A student of William Merritt Chase and an influential teacher in his own right, Charles Hawthorne worked in Provincetown, Massachusetts, for much of his career. Inspired by Renaissance painting, Hawthorne aspired to revitalize traditional artistic practices by using them to depict American subjects, notably his family and the rugged fisher folk who were his neighbors. The dark tones, carefully applied layers of glaze, and wood panel support that the artist used for Mother and Child reflects his admiration for Titian and other Venetian masters. The theme of the mother and child became prominent in Hawthorne’s work following the birth of his only son in 1908. The tender expressions of the figures suggest the artist’s interest in his subjects, while the triangle formed by the central figures shares affinities with historical depictions of the Madonna and Child.
Charles W. Hawthorne Mother and Child, around 1908–9 Collection of the Akron Art Museum Today the figure paintings of Charles Hawthorne seem predictably traditional, even to the point of being stilted and sentimental. Why then did the renowned abstract painter Hans Hofmann, a confirmed modernist, write a laudatory essay for a Hawthorne catalogue in 1952? The answer is that Charles Hawthorne, now almost forgotten, was once regarded as one of the country’s greatest art teachers. Growing up near the Maine coast, Hawthorne moved to New York in 1890, performing manual labor by day and painting at night at the Art Students League. In 1896, he studied with William Merritt Chase (see pp. 62–63) and the following summer became his teaching assistant. After Chase closed his famed summer school on Long Island, Hawthorne established his own summer school in Provincetown, Massachusetts, in 1899. For three decades art students from across the country repaired there for summer instruction and camaraderie. In Europe Hawthorne fell in love with the art of the old masters, in particular sixteenth-century Venetian painting and the atmospheric works of Titian. In Mother and Child, Titian’s influence is felt in the deep greens and moody brown of the background and especially in the carefully applied layers of glaze (an old master technique) that meld the colors, gently fusing the foreground and background into one sensuous surface of delicately modulated tones. Hawthorne commented that what collector Duncan Phillips termed the “lustrous mellow paste” of his surfaces may have come less from the old masters than [from] ‘Italy itself—the familiar look of it as I lived there day after day, the texture of the stone and of old fresco.’”1 Hawthorne’s devotion to the Italian Renaissance is clearly reflected in his choice of a wooden panel as the painting’s support rather than canvas, which supplanted panel as the choice of artists in the seventeenth century. Equally indebted to the old masters is the subject of mother and child, which directly recalls the myriad versions of the Madonna and child that pervade Renaissance and Baroque art. The artist consciously thought of himself as an heir to those traditions, which he hoped to modernize by portraying the inhabitants of his beloved New England. The fishermen of Cape Cod and their families were Hawthorne's most frequent subjects, but after 1908, when his only child, Joseph, was born, images of mother and child became common. This theme allowed the artist to combine an emotional, personal subject with a motif central to the history of Western painting. He decided to paint the clothing with few details, resulting in timeless images at once ancient and modern. Although the museum’s painting depicts the artist’s wife and son, it is less a portrait than a symbol of the sanctity of motherhood.2 In fact, the words “Motherhood,” “Adoration,” and “Madonna” appear frequently in the titles of similar paintings by Hawthorne. The artist's goal was not to repeat the old masters but to use their lessons to “express something about the humanity of my time that will live.”3 While there is a lack of emotional variety in Hawthorne’s pensive figures, his sincerity is irreproachable. The painter, Hawthorne wrote, “must show people more—more than they already see, and he must show them with so much human sympathy and understanding that they will recognize it was as if they themselves had seen the beauty and the glory.”4 - Mitchell D. Kahan, 2001 1. Quoted in Duncan Phillips, “Charles W. Hawthorne,” International Studio (March 1917): 20, 22. 2. The sitters were identified in a letter from Richard Mühlberger to Barbara Tannenbaum, June 27, 2000. Hawthorne’s wife, Ethel Marion Campbell, was a painter. While continuing her own career as an artist, she also helped her husband in his professional endeavors. 3. Letter from Charles Hawthorne to his dealer, William Macbeth, February 20, 1914, quoted in Sadik essay in University of Connecticut Museum of Art, not paginated. 4. Hawthorne in Hawthorne on Painting, 17. Hawthorne on Painting, From Students’ Notes Collected by Mrs. Charles W. Hawthorne. With an appreciation by Royal Cortissoz. 1938. Reprint, with an introduction by Edwin Dickinson and an appreciation by Hans Hofmann, New York: Dover Publications, 1960. McCausland, Elizabeth Charles W. Hawthorne, An American Figure Painter. New York: American Artists Group, 1947. Mühlberger, Richard. Charles Webster Hawthorne. Chesterfield, Mass.: Chameleon Books, 1999. University of Connecticut Museum of Art, Storrs. The Paintings of Charles Hawthorne. With an introduction by Marvin S. Sadik. Storrs: University of Connecticut Museum of Art, 1968.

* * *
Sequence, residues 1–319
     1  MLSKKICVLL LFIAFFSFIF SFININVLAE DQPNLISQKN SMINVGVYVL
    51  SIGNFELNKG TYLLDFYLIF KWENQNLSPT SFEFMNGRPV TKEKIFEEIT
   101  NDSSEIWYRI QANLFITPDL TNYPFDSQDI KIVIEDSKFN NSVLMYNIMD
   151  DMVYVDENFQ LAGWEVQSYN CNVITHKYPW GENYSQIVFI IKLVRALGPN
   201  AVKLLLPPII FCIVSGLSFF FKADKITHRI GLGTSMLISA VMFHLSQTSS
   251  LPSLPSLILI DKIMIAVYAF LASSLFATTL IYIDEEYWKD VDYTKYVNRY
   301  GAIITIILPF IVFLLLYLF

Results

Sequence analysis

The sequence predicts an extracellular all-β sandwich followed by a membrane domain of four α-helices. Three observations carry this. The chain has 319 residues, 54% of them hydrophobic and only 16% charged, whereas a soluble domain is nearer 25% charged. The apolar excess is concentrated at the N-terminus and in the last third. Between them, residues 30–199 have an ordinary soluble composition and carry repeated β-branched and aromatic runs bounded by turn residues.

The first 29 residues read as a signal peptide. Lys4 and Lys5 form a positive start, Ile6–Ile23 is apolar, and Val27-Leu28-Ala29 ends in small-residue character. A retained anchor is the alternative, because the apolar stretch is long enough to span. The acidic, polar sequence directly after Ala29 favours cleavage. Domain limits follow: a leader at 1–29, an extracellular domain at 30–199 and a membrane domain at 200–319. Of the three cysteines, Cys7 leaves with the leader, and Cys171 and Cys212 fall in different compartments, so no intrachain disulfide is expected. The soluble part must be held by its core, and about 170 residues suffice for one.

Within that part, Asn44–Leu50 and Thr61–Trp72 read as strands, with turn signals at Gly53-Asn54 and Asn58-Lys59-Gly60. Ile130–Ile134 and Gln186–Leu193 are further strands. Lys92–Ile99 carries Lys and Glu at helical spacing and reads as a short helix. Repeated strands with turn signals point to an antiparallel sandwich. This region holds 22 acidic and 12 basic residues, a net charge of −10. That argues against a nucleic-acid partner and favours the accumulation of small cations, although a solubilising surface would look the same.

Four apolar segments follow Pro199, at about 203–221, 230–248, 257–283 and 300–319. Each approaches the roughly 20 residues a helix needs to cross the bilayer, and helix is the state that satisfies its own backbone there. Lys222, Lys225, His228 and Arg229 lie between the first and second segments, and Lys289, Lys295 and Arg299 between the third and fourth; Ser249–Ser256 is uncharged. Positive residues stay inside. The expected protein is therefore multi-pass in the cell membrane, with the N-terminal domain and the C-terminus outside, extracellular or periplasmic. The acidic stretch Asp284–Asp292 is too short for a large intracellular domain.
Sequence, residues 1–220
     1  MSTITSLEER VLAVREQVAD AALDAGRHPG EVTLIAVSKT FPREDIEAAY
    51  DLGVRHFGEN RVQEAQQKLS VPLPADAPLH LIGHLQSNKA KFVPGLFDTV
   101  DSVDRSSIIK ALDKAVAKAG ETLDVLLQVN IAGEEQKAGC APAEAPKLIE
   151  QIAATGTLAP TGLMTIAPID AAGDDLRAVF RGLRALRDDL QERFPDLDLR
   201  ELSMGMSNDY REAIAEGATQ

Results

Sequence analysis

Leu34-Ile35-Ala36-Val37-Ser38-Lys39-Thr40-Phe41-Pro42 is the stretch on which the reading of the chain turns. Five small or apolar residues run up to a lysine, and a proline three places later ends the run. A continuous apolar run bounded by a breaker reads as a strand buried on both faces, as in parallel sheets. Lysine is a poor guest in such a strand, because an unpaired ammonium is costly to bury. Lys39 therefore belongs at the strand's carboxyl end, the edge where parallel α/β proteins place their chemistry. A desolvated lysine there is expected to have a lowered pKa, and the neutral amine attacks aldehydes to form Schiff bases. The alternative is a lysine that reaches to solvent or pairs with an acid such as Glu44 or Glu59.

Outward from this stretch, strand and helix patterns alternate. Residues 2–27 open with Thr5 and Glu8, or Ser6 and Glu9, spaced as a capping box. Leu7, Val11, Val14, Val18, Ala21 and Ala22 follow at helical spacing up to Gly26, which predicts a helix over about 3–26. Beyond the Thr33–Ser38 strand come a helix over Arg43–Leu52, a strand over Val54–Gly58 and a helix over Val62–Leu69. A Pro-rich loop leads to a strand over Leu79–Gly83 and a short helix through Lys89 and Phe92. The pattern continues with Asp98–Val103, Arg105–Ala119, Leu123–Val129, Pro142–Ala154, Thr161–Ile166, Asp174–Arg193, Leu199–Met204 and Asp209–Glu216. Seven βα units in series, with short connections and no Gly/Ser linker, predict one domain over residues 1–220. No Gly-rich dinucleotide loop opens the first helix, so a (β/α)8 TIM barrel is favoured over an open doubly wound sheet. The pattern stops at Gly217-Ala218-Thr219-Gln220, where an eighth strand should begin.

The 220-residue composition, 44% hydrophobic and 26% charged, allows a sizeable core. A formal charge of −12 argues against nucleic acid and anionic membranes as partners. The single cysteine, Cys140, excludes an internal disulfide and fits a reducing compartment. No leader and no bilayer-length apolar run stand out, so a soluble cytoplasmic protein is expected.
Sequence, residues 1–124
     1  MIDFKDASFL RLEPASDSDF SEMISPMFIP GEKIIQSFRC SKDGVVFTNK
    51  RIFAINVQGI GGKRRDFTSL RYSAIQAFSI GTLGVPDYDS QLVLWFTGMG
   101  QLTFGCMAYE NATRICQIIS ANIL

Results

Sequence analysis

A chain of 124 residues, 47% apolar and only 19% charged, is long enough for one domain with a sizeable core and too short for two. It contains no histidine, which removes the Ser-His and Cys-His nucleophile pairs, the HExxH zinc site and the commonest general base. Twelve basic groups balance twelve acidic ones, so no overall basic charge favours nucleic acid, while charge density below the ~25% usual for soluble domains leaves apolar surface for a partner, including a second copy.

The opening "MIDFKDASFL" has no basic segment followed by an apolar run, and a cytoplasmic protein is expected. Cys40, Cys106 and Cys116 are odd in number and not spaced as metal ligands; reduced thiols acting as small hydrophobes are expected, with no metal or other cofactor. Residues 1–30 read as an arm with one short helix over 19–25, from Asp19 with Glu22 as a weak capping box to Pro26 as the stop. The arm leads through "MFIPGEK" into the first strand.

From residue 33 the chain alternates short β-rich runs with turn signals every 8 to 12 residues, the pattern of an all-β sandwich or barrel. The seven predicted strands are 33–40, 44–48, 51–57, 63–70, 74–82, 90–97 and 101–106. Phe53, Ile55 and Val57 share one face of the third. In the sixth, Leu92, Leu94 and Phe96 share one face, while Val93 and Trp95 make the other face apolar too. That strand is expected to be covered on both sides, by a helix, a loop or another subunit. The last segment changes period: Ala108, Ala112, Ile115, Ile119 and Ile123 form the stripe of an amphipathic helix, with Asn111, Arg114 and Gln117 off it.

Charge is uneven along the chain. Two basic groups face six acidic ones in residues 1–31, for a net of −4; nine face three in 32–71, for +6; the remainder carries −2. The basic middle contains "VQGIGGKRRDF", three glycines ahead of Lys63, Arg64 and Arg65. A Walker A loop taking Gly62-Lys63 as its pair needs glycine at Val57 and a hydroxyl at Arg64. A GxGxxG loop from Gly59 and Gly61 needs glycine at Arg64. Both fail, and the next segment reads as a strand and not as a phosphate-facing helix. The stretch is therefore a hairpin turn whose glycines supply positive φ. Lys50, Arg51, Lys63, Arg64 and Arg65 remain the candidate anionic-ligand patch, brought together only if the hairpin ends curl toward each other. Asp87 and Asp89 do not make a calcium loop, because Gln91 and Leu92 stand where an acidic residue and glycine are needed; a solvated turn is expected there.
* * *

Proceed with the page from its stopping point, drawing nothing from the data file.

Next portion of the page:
Signed LR: "C W Hawthorne"